Civil unrest as criminal QC appointments escalate

Robin Jackson
Robin Jackson

Of the 104 who were ­successful in their applications last year, 67 worked as civil barristers compared with 26 practising criminal law and nine family silks. This compares with 56 civil barristers, 34 criminal and five family silks in 2008.

The trend has reversed in 2010, however. The increase in criminal barristers has affected the percentage of those practising civil law.

Of the 129 applicants, 51 ­operate as purely criminal barristers – the equivalent of 40 per cent – and 64 in civil law, of which 19 practise ­public law.

According to one chambers’ chief executive: “This is the result of a ­system where if you have the competency you’ll get through, rather than just filling the positions ­available.”

However, one Bristol-based clerk rejects the merit-based system, ­arguing that it is of little use to ­barristers who have taken silk but have empty diaries.

“Court users look poorly on the selection process because there’s no account taken of the requirements they have,” the clerk says. “The regional bar continues to struggle to get access to the commercial chancery QCs and we have too many criminal silks.”

Another Bristol clerk agrees. “We want to bring in more silks and we’re in talks to do so,” he says. “But if you’re junior in Bristol and you want to be a QC, then you won’t be in Bristol for long. London’s the place to be for those people.”

According to Matrix Chambers chief executive Lindsay Scott, however, the regional courts are getting busier, albeit in matters relating to public law.

The appointments ­committee selected 19 ­barristers with public law experience to take silk. Four Matrix barristers were awarded the accolade.

“It’s because there’s more and more ­public law cases going through the courts,” says Scott. “It’s ­getting more and more important and it’s a remedy everyone can use.”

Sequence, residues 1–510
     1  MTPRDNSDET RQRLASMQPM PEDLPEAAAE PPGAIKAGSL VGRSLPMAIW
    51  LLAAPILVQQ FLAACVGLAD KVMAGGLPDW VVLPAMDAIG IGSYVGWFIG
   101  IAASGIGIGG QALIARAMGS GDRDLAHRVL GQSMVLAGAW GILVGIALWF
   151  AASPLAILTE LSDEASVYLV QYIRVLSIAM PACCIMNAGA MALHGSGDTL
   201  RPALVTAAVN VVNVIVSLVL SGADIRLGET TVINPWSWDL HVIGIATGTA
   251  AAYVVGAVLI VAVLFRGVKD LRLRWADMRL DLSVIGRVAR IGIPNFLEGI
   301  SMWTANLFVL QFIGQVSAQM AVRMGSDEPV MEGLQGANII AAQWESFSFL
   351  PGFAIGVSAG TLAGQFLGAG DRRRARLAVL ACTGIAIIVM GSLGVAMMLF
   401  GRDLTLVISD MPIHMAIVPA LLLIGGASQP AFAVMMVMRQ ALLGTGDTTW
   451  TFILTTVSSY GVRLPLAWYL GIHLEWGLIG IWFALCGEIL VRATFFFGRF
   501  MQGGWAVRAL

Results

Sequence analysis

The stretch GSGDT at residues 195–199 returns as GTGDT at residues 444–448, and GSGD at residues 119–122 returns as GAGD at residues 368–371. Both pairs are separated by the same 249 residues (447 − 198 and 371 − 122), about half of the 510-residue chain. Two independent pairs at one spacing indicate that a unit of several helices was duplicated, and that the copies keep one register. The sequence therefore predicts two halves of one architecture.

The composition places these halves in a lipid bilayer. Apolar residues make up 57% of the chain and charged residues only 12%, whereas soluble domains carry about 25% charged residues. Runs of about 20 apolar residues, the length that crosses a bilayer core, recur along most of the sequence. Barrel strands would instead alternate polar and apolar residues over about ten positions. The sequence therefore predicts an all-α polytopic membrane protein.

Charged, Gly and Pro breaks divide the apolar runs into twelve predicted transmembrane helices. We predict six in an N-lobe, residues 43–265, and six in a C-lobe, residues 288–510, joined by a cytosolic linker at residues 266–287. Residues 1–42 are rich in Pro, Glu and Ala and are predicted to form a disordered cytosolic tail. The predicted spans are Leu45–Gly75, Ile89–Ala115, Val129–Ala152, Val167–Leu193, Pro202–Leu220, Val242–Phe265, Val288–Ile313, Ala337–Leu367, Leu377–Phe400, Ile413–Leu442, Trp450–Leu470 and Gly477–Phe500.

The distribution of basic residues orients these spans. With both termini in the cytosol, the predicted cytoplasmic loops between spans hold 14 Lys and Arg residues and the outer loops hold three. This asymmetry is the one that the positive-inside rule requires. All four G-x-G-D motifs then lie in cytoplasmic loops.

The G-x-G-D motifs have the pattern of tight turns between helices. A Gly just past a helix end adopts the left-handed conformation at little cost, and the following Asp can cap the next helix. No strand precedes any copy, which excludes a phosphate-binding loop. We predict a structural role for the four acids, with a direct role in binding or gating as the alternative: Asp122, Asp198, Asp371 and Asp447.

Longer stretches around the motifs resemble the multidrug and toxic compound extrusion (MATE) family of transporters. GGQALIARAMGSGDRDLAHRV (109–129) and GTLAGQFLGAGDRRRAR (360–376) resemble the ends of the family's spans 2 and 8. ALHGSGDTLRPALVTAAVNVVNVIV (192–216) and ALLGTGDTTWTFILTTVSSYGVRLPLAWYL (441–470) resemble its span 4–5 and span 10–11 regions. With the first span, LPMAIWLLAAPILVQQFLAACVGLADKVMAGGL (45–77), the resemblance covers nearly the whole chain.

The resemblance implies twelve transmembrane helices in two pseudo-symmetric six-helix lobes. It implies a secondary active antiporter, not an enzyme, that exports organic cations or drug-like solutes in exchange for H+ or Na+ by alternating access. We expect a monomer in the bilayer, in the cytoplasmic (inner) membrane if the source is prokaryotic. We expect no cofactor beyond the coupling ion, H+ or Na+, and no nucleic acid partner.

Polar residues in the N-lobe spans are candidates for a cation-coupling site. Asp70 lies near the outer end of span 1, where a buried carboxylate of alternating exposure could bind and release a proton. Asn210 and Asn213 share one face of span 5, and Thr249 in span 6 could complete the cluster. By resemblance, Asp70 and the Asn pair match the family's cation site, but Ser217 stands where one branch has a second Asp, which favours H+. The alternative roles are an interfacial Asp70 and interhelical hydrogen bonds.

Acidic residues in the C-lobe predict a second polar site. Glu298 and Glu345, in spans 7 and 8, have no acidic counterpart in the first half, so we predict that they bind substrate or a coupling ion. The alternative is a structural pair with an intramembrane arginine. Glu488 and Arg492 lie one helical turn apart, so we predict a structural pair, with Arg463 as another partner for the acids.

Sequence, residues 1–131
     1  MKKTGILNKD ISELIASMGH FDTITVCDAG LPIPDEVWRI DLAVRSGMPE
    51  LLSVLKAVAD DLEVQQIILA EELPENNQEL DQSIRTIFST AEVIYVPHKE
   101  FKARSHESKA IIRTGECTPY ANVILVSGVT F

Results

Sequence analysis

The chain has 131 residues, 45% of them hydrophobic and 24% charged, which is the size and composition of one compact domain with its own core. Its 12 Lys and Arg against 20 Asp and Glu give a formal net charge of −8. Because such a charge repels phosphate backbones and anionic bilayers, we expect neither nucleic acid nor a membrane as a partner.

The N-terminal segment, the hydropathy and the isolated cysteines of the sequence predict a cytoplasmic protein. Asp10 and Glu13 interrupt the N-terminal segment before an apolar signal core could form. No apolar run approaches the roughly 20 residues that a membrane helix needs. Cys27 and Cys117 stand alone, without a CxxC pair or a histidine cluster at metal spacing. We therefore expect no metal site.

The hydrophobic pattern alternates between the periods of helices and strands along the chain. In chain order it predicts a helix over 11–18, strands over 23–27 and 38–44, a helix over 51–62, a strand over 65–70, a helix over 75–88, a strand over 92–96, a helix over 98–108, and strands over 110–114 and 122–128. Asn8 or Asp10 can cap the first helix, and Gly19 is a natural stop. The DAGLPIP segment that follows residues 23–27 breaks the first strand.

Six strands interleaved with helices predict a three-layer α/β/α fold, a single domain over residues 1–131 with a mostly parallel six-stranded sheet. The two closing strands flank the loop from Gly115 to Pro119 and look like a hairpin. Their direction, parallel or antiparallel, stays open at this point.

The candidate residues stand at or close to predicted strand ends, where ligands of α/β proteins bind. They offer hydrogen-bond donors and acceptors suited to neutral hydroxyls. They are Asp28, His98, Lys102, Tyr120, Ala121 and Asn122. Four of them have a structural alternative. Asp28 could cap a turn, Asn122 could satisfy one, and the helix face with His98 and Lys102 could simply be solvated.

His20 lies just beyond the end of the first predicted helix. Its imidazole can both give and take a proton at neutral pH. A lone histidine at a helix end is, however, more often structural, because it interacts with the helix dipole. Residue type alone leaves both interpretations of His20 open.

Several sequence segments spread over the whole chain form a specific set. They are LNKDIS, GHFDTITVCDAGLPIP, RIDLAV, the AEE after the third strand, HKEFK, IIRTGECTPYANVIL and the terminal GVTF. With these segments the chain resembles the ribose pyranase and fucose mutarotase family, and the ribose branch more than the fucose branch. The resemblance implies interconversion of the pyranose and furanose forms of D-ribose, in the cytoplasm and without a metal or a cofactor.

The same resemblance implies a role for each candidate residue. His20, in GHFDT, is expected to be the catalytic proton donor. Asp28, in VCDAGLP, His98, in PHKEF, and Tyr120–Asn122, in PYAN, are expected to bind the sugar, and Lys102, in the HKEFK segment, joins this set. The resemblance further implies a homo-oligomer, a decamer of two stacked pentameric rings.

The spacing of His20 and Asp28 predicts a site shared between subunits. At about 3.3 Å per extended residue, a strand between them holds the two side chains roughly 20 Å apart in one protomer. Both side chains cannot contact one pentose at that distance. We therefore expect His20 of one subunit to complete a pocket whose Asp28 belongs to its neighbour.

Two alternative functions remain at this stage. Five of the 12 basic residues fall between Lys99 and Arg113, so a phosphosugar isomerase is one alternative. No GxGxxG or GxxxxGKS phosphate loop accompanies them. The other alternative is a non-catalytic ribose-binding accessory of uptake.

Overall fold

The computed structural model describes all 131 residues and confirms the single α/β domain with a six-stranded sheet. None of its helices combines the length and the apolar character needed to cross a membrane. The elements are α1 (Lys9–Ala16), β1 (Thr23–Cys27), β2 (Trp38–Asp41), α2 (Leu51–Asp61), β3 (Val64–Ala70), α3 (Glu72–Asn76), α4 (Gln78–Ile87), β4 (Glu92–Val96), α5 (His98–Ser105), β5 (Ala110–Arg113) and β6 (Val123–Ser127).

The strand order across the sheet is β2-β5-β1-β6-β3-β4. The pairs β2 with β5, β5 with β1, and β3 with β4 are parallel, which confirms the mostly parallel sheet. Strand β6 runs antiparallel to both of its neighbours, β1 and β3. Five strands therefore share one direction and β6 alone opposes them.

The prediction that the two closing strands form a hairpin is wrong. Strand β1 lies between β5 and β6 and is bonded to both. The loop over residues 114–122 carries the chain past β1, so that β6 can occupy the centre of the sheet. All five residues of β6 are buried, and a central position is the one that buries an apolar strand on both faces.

Civil rights set Doughty Street Chambers is ­testament to this. In the past year the set has expanded significantly, with new offices in Bristol and ­Manchester.

The strategic plan is to plug into the regional ­markets to get instructions in the regional Administrative Court.

Doughty Street was awarded five new silks in the competition, three of whom have crime practices. Only three other sets equalled that tally – criminal ­specialists 25 Bedford Row and commercial sets ­Fountain Court and 11KBW.

“Recently it seems not so many criminal barristers have made silk,” commented Doughty Street practice director Robin Jackson. “All of a sudden we have three who are entirely crime.

“We’re ­delighted to be getting more silks. It’ll improve our income substantially and will also improve the ­gearing of our business.

“We’re a publicly funded set. In order to maintain the right level of business we need the right gearing – one silk to every four or five ­juniors is perfectly fitting for us.”

The top 10 civil sets gained 21 new silks in total, with the largest proportion going to Fountain Court, which is now home to 27 silks and 35 juniors.

Applying for QC status is not to everyone’s liking – it is a big financial investment, with the application costing £2,702, and if successful a further fee of £3,500 must be paid.

With the civil bar witnessing a dearth of promotions, many are predicting that applications will shrink ­further next year.